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 5. TRADE  6. GULF



May 06 -12, 2002


Tea trade leaders want prompt remedial measures to check smuggling, otherwise, they fear, volume of smuggled tea will go up to 50,000 tons from the current 32,000 tons.

"The best way to curtail the quantum of smuggling is to reduce the customs duty on imports by 15 per cent," chairman Pakistan Tea Association (PTA), Mohammad Hanif Janoo told a press conference at a local hotel on Saturday.

He said smugglers are currently enlarging their distribution network without check from any agency. As a result of this, the smuggled tea is arriving into Karachi in a very large quantity daily by full truckloads through Quetta.

Afghanistan mainly consumes only green tea, being imported from China, Indonesia, Vietnam, etc., and orthodox black tea from Sri Lanka, Indonesia and India. All the CTC teas imported by Afghanistan from Kenya and other origins are meant for dumping into Pakistan, he said.

An estimated 32,000 tons of tea was smuggled into Pakistan in 2001 as compared to 24,000 tons in 2000 and 21,000 tons in 1999. Genuine imports in 2001 were 105,000 tons as against 111,000 tons in 2000 and 112,000 tons in 1999. Tea consumption pattern in Pakistan has been rising since 1999 from 133,000 tons to 135,000 tons in 2000 to 137,000 tons in 2001.

Janoo said in just three months, January-March, 10,000 tons of tea has found way into Pakistan through illegal channels.

Even if the government, he said, cuts the import duty in 2002- 2003 budget by five per cent, genuine imports will surge to 125,000 tons as compared to 105,000 tons. The Association has urged the Commerce Minister Abdul Razak Dawood on April 24 to cut the import duties to 15 per cent from the current 30 per cent.


The burden on consumers had slightly eased in the last one month as they paid lesser to buy regular kitchen items thanks to uninterrupted supplies of the local crops and imports.

Poultry products, however, turned out to be the sole burden on consumers as their prices rose despite low demand and rising heat wave. Egg prices went up to Rs22 per dozen from Rs19. Poultry live bird prices surged to Rs50 per kg from Rs49 per kg while the chicken meat is selling at Rs85 to Rs88 per kg from Rs80 per kg.

A monthly price survey (from May 1 to April 1) showed that the prices of onion dropped to Rs12-13 per kg from Rs18-20 per kg following imports from India and Iran and arrival of Balochistan crop. Around 4,000 tons of onion have been imported from India.

In wholesale markets, onion was selling at Rs9 per kg as compared to Rs12 to Rs 13 per kg.


About two dozen Pakistani companies are well set to commence their industrial production and commercial operations in the Hamriyah Free Zone in Sharjah, UAE.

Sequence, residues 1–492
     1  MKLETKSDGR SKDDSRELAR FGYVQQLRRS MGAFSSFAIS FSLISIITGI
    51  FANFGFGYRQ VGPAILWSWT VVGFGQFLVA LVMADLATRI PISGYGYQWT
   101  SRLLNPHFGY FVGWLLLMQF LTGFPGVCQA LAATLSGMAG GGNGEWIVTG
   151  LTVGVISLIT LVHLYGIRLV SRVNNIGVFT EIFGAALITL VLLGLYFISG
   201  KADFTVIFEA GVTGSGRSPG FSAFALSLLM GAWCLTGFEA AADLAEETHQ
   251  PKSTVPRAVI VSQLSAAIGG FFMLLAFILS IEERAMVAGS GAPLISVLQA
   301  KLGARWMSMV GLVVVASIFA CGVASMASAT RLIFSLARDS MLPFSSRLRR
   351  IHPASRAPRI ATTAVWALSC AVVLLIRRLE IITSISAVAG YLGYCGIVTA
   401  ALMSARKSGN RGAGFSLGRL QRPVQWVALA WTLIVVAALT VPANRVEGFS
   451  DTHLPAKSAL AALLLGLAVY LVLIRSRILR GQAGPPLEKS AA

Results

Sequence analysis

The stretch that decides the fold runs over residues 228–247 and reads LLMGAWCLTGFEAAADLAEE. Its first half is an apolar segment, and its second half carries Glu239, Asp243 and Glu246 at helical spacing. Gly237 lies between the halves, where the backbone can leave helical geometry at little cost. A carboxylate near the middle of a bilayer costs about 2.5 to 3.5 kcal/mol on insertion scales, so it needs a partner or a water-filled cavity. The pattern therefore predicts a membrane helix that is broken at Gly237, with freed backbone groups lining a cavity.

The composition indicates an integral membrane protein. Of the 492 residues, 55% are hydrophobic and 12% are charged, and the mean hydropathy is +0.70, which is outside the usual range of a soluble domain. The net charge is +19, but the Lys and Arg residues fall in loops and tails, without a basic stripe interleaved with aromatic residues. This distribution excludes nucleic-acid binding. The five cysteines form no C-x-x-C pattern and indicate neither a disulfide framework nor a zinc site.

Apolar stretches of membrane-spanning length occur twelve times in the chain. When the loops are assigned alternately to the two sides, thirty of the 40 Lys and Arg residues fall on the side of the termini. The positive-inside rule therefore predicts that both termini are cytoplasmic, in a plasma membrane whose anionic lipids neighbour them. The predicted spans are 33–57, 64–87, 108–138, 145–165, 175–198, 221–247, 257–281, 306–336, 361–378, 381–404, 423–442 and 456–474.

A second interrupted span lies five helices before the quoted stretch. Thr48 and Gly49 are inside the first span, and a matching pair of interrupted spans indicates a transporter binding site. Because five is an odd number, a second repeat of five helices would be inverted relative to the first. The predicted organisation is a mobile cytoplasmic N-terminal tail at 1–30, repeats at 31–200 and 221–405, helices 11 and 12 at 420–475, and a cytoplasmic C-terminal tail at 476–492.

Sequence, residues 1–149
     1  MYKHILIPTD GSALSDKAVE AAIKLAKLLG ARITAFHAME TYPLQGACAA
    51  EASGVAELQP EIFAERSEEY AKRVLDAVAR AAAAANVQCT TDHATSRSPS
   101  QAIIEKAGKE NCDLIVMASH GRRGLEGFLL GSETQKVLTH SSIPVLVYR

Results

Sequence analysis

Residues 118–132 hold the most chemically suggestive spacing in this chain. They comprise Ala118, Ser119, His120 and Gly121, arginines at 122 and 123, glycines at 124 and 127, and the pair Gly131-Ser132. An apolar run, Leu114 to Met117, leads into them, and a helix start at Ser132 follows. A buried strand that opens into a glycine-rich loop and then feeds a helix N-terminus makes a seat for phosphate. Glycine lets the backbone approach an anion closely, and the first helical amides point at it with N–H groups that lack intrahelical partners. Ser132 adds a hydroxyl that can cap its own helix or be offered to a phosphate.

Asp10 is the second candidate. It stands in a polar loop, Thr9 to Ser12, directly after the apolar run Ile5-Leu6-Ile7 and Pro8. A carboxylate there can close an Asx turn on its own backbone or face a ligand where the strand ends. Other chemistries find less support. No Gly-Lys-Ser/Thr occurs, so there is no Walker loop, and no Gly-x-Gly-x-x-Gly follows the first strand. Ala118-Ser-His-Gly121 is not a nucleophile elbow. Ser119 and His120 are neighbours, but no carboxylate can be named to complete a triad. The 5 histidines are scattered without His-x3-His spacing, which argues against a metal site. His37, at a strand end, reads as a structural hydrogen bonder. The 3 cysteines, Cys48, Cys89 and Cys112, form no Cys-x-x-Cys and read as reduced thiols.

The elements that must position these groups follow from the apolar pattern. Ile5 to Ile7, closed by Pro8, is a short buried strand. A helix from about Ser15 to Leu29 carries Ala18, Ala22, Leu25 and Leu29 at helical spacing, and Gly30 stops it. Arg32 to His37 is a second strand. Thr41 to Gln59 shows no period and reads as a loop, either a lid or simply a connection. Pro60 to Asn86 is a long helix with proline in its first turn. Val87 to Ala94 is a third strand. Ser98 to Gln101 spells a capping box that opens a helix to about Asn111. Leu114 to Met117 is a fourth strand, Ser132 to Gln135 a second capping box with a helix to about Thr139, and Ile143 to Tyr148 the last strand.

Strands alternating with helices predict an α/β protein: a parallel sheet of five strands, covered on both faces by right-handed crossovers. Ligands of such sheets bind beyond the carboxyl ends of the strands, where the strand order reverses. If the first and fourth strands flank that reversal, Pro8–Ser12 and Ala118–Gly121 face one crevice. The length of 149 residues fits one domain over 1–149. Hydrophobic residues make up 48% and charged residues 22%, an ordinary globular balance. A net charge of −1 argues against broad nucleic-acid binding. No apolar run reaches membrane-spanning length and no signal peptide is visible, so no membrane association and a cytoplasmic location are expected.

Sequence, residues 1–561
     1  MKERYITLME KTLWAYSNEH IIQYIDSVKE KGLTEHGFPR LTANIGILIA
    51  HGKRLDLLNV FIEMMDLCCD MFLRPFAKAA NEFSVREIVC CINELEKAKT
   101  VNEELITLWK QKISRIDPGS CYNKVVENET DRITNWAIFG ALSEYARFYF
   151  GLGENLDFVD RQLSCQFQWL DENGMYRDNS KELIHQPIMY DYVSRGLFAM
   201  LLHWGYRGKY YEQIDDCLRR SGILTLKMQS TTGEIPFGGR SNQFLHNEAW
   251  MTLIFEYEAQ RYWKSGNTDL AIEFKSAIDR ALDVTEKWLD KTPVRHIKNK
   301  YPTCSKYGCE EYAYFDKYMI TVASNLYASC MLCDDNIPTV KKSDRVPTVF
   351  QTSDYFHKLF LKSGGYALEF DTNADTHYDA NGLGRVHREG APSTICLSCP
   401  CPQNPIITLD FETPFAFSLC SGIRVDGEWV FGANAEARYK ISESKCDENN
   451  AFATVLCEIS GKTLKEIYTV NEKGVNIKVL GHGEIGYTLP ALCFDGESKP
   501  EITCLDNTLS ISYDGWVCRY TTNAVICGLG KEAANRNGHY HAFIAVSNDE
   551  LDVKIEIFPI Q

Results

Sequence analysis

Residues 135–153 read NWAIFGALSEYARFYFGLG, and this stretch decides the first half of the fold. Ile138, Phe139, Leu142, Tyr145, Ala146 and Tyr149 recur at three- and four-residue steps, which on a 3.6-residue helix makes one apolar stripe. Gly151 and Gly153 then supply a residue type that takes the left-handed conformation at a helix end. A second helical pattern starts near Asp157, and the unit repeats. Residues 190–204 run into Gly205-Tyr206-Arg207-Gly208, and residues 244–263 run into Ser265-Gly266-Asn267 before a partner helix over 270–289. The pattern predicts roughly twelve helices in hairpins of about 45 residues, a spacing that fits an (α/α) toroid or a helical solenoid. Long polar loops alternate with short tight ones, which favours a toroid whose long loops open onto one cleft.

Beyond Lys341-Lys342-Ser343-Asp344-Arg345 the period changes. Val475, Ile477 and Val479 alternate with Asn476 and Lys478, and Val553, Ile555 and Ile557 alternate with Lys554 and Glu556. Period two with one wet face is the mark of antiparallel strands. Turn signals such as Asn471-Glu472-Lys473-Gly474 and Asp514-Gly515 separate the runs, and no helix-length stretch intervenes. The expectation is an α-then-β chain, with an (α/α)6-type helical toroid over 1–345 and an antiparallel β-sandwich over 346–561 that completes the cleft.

Hamriyah is the tenth free zone in sequence to be set up in UAE and second in Sharjah. It is a next generation free zone and offers incentives that far exceeds those given by other free zones in the area. Since commencement of its operations in October 1998 it has attracted an investment of 500 million dollars from 210 companies set up by investors from 19 countries.

"We offer a one-window operation and a completely hassle free environment in Hamriyah," Engineer Rashid Al Leem, Director General of the Hamriyah Free Zone Authority, informed on Saturday (April 27). The investors are from the US, Europe, South Africa, India and many parts of the world who throng UAE a thriving business centre of the world that can be compared to the Asian Tigers.


In rich states, taxes are lowered to pull economies out of recession or when the initial signs of a slow-down appear. And emerging economies like Pakistan need investment-oriented taxation policy to spur economic growth and reduce poverty.

As budget deficits become unmanageable, governments, however, tend to opt for revenue-oriented taxation whose yields decline when investment and growth stagnates. Both the growth and the tax revenue potentials are thus not realized. This is the situation that prevails now in Pakistan.


The exporters will continue to get export finance from the banks at a maximum markup of 8 per cent in May 2002 as the State Bank of Pakistan has left the export refinance rate unchanged at 6.5 per cent.

The banks give export finance to the exporters at a rate 1.5 per cent higher than the rate at which they get export refinance from the SBP.

In April, the central bank had increased export refinance rate by 50 basis points to 6.5 per cent. An SBP circular issued to all banks on Saturday said the SBP would keep the rate unchanged for May 2002.


The chairman, Export Promotion Bureau (EPB), Tariq Ikram said Saturday that Asian Development Bank (ADB) will conduct a study for the restructuring of the Bureau.

He was addressing the members of the Karachi Chamber of Commerce and Industry (KCCI). Ikram said that a foundation has been laid for a new EPB in the country during the past one and a half year. He said ADB will finance the study on EPB for further improving its performance.


The government is likely to levy five per cent customs duty on import of raw wool and raw cotton from the financial year 2002-03. Well-placed sources told on Saturday that the decision was expected to be announced at the forthcoming budget for 2002-3. These items are currently imported at zero rate of customs duty.

When contacted, customs officials said that it was not decided to levy tax on these items, but the same were under consideration. They said that there was a proposal to levy customs duty on these items to boost its exports.